I turned around and started walking back up the 800′ I had just ascended. It affected my morale just a bit. Once at the ridge again, I scrambled up Ellingwood Pt. arriving on top to see a cairn but no register as Tom had reported. I was getting near the end of my rope at about this point and decided the south ridge looked a better bet than retracing what I had just come up. Down the ridge I went and was making good time on the Class 3 scrambling. Then I saw the clouds building over the Sand Dunes… no, not again I thought. I decided to exit the ridge right then and there. This good decision was to make up for down climbing to the base of the saddle. I slid, down climbed, fell down a steep rocky couloir that dumped me at the base of the saddle. It ended in a 10′ wall with a cave/mine at the bottom. Just as I started to down climb this part I saw my first bolt of lightning hit the valley below. As soon as I got the trail, I half ran toward tree line as I knew what was coming. Well I thought I knew what was coming.
After about 10 steps the snow started and quickly developed into whiteout conditions, and then the lightening started. I did not realize how far it was to tree line but it is about 45 mins from where I was starting with no protection in between. I considered my options as I stumbled down the trail trying to see the cairns through my iced up sun glasses. There was no real safe protection from the lightning until tree line so to stop would not have increased my survival odds a bit in my opinion. Safety was down to the trees. Unfortunately the storm was moving up the valley. I placed my metal trekking poles in my pack and removed the waist strap and one shoulder strap and kept going as fast as I could. The snow after only about 20 mins was about 3″ deep and continuing to pile up.
Lightning was hitting all around me when I turned a corner around a rock and saw a white flash that seemed to envelop me. I threw my pack to the ground away from me and threw myself against the ground. The lightning struck within maybe 50 yards (?). Once I determined it had not hit me I grabbed my pack and continue to run and slide down the trail. Let’s just say a lot of thoughts of family were going through my head during this Russian roulette game with the storm. As I went down, the storm was moving in the opposite direction so the lightning got farther and farther away. At tree line I had planned to rest, eat and regain my strength. I kept walking, eating a Snickers Bar, and drinking some water. In a word, I was shook and the farther I got away from that experience the better.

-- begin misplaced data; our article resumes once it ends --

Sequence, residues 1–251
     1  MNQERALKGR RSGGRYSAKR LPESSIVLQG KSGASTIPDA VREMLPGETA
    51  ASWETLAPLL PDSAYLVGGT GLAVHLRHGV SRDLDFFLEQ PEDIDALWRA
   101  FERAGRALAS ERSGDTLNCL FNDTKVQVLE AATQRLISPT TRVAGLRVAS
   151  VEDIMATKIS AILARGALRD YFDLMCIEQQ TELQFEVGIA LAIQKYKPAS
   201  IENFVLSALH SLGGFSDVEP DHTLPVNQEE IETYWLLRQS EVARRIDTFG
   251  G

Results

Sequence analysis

Colorado weather is fickle and once the storm blew through, the blue sky appeared and by the time I got to about 11,000 I was sweating in my winter gear. I sat by the creek and stripped to shorts and a T-shirt for the 5.2 stroll down the road. The snow was already starting to melt and it seemed like an innocent Christmas snow now… but not then. Made it back to the car suffering from the extra altitude gain I forced upon myself on top of an already big day. Don’t have a real good conclusion to this report yet as I am still sorting out how I feel about the whole day and the experience. Headed out with a partner tomorrow to do 4 more peaks though…
Beta: 15.5 miles and 7,000′ Elevation gain if you make mistakes like I did….